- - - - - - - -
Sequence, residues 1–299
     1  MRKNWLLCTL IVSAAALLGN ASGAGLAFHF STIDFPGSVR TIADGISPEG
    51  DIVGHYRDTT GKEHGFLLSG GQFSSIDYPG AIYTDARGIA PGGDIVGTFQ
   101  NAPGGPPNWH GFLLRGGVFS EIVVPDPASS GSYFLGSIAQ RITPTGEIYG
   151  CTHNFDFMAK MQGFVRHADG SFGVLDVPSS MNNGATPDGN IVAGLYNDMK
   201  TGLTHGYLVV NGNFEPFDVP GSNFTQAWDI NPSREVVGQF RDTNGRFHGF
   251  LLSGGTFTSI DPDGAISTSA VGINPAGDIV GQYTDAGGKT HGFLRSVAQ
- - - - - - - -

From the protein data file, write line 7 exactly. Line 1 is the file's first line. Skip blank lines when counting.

   251  LLSGGTFTSI DPDGAISTSA VGINPAGDIV GQYTDAGGKT HGFLRSVAQ